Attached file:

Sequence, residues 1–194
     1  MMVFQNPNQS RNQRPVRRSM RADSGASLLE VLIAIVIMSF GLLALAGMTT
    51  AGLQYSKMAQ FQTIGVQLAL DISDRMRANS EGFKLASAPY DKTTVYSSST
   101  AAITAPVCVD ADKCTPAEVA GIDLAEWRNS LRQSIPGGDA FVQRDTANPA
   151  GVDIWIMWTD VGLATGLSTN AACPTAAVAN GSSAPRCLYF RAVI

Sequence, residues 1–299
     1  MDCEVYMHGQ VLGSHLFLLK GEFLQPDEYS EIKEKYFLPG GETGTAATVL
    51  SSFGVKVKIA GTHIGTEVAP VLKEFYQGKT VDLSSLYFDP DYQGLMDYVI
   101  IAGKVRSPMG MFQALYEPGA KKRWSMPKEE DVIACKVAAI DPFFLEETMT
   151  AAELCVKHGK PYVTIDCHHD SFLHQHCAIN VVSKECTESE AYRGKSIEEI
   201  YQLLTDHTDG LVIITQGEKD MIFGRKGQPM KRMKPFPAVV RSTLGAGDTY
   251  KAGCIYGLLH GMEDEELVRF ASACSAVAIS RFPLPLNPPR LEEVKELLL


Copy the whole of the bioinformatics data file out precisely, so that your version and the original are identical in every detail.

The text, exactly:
Sequence, residues 1–194
     1  MMVFQNPNQS RNQRPVRRSM RADSGASLLE VLIAIVIMSF GLLALAGMTT
    51  AGLQYSKMAQ FQTIGVQLAL DISDRMRANS EGFKLASAPY DKTTVYSSST
   101  AAITAPVCVD ADKCTPAEVA GIDLAEWRNS LRQSIPGGDA FVQRDTANPA
   151  GVDIWIMWTD VGLATGLSTN AACPTAAVAN GSSAPRCLYF RAVI

Sequence, residues 1–299
     1  MDCEVYMHGQ VLGSHLFLLK GEFLQPDEYS EIKEKYFLPG GETGTAATVL
    51  SSFGVKVKIA GTHIGTEVAP VLKEFYQGKT VDLSSLYFDP DYQGLMDYVI
   101  IAGKVRSPMG MFQALYEPGA KKRWSMPKEE DVIACKVAAI DPFFLEETMT
   151  AAELCVKHGK PYVTIDCHHD SFLHQHCAIN VVSKECTESE AYRGKSIEEI
   201  YQLLTDHTDG LVIITQGEKD MIFGRKGQPM KRMKPFPAVV RSTLGAGDTY
   251  KAGCIYGLLH GMEDEELVRF ASACSAVAIS RFPLPLNPPR LEEVKELLL